'BioShock' marketers take page from picsLet's face it: Game publishers have the hots for Hollywood. While licensing movies to turn into games might not be as popular as it once was, it's considered strategically appropriate to market a "Triple-A game" the same way that producers publicize their big films.
Take "BioShock," for instance. The just-released first-person shooter for PC and Xbox 360 from 2K Games was deemed by its marketing people to require special attention. Tom Bass, 2K's director of marketing, sought to parallel the event marketing that frequently occurs in the movie industry.
"You know, it's not uncommon for our industry to borrow a lot from movie marketing," he says. "Here we decided to start the program two years prior to the release date, then build the hard-core fan base and then fan out to the mass market with everything leading up to that one big launch day."
"BioShock" was not an easy video game to convey in a marketing message because of its high-concept story line. "This is a game about an industrialist in the 1940s who builds an underwater society that begins breaking down because a discovery is made about the people's DNA that causes them to go insane and they begin splicing their bodies," Bass says. "Well, try distilling that down into a 30-second elevator pitch."
Rather than label "BioShock" as "the next big thing," Bass decided to create a Web site into which he could keep releasing assets to show — not to tell — how good the game would be.
"We created as an offshoot of the main BioShock.com Web site, a community site called the Cult of Rapture, named after the city in the game, that we updated every single day," he recalls. "We started feeding information out to the gamers, the kind of information we normally reserve just for the press — details on the game, release dates, videos and other content that would foster discussion."
Rather than merely release screen shots, the marketing team created 25-30 videos over the course of 18 months to show off the game's unique look. The centerpiece of the campaign was the first commercial, which the team never referred to as a "commercial" but a "trailer," borrowing the movie marketing term.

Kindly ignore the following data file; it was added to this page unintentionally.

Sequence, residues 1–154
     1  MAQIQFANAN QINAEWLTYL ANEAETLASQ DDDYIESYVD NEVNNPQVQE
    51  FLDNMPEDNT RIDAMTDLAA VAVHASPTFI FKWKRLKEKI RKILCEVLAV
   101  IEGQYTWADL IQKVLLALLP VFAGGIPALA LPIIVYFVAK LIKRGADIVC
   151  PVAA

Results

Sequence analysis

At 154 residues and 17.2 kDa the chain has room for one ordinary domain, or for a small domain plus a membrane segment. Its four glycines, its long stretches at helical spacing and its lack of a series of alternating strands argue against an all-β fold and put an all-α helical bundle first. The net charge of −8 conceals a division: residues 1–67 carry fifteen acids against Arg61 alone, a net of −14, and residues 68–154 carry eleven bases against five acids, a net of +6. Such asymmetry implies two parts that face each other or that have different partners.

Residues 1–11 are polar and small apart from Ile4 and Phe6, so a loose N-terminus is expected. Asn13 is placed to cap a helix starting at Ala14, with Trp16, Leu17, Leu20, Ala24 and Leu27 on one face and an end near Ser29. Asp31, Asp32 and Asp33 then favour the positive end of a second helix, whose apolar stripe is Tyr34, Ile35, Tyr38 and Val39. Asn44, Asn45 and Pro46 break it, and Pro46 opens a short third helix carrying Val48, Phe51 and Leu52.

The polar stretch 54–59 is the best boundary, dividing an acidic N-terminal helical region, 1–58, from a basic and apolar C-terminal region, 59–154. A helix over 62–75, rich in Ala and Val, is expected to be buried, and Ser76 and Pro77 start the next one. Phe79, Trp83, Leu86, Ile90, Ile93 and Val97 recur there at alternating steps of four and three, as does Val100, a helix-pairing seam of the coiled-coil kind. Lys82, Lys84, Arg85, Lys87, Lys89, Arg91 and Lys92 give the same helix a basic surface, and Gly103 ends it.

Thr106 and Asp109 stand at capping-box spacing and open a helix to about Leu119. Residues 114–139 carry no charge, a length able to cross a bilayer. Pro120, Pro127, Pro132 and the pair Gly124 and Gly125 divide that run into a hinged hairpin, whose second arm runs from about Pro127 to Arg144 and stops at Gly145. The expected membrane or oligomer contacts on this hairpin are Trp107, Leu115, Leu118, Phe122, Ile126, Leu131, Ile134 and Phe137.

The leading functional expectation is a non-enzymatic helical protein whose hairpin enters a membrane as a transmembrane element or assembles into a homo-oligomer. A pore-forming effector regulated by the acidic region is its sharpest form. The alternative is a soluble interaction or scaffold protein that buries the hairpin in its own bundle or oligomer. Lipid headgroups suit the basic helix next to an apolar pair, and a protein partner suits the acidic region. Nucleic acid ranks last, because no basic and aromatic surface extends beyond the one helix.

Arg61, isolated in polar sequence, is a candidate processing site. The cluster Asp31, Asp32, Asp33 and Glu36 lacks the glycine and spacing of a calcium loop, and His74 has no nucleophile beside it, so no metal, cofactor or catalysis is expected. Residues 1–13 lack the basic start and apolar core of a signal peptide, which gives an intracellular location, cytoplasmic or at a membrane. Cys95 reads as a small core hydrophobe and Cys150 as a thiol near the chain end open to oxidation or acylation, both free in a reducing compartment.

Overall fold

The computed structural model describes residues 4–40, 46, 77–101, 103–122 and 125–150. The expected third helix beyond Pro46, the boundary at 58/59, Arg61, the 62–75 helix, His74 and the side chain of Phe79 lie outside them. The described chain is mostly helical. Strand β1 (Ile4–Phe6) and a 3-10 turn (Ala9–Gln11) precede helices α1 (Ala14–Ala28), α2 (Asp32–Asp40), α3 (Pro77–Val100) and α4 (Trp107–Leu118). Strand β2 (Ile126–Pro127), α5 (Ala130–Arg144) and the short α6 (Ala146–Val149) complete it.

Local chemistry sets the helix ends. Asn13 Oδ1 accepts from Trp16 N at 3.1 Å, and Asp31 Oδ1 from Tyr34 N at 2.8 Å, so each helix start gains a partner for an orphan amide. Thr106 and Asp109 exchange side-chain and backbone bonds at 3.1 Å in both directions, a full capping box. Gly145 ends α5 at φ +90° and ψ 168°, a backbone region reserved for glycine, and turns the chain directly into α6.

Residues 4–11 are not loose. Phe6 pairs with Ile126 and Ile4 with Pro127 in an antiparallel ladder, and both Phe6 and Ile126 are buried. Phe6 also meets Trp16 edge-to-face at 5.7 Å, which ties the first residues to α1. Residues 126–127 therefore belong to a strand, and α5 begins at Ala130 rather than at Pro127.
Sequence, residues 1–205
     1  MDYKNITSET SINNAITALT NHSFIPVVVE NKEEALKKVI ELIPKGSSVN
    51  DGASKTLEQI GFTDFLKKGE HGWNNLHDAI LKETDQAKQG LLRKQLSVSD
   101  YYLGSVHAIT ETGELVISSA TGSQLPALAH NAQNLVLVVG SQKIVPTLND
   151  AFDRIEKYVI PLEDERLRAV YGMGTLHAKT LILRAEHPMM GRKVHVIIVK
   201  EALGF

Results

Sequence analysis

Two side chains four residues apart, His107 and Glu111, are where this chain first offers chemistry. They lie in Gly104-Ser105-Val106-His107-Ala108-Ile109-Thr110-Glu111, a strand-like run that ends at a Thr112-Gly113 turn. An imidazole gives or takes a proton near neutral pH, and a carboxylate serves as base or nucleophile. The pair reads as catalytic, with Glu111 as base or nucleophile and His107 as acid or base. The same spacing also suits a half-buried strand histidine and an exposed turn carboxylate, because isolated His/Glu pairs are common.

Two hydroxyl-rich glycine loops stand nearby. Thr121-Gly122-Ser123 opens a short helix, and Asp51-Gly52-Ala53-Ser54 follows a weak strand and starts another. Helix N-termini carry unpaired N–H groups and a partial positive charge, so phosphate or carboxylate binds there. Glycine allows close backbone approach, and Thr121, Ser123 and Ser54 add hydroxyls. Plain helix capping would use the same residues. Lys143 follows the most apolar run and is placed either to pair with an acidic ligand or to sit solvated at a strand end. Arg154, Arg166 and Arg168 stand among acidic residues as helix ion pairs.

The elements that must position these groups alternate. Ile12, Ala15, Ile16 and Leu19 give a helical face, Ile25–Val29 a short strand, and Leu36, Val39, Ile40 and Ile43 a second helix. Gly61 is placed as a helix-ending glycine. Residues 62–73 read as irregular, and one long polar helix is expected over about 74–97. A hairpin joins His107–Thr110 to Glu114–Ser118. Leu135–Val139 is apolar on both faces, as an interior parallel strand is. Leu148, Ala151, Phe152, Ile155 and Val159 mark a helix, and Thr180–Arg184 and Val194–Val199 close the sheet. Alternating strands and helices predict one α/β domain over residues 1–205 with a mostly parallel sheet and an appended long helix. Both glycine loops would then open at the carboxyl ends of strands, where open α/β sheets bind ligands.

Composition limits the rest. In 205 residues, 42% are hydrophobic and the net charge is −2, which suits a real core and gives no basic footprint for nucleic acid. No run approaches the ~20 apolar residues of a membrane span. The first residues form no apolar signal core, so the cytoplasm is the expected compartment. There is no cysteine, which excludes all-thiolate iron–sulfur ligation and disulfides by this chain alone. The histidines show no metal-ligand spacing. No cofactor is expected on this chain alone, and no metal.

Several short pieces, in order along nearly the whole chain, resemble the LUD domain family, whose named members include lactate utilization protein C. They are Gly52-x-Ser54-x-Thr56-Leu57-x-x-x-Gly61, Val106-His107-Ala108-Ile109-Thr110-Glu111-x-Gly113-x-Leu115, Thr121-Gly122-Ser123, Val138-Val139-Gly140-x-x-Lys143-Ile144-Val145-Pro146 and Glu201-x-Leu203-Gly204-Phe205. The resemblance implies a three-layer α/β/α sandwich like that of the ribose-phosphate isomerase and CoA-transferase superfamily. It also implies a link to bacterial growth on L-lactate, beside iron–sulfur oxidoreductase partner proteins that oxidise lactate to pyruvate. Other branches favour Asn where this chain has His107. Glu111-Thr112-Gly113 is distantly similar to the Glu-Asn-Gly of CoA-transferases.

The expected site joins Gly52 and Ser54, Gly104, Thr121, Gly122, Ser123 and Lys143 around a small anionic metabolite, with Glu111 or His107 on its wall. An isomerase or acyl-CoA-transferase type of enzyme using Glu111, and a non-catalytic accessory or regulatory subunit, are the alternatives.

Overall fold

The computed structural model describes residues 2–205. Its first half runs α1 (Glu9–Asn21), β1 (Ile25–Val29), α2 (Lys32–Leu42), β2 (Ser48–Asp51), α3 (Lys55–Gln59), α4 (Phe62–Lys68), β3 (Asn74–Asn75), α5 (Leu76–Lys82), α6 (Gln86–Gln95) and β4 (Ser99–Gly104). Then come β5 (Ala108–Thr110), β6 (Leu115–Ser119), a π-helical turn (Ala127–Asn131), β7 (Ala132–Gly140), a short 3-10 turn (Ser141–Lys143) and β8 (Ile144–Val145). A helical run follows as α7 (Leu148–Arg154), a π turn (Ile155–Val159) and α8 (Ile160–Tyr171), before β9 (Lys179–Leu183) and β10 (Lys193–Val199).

"We turned the debut of the trailer into an event, prepromoting it as a world premiere on Spike TV," Bass says. "It embraces everything that's cool about the game … and it's set to Bobby Darin's 'Beyond the Sea.' How many video game commercials can say that?"
Although there are no celebrities in the game, the marketers treated the "BioShock" development team as celebrities of a sort, sending Ken Levine, the game's creative director, out to talk it up with the press.
A public company, 2K Games doesn't share sales figures, but the fact that its marketing people are talking about a "BioShock" franchise seems indicative of the game's success.
Janco Partners analyst Mike Hickey says the game "could be a huge profit generator" for the company. That should be welcome news to Take-Two, whose shares recently fell 28% after it revealed that the release of its "Grand Theft Auto IV" would be pushed back from October to 2008.
2K's marketing team calls its "BioShock" campaign quite a learning experience. From Bass' standpoint, its unorthodoxy was precisely what the game called for. And he already is looking at titles a couple of years out and planning "community marketing efforts," especially for some of 2K's more high-profile products.
"In my mind, it's all about involving your fans," he says. "We value that community and we value their feedback and, especially in this case, we think we were able to make the game that much better by putting that feedback to work."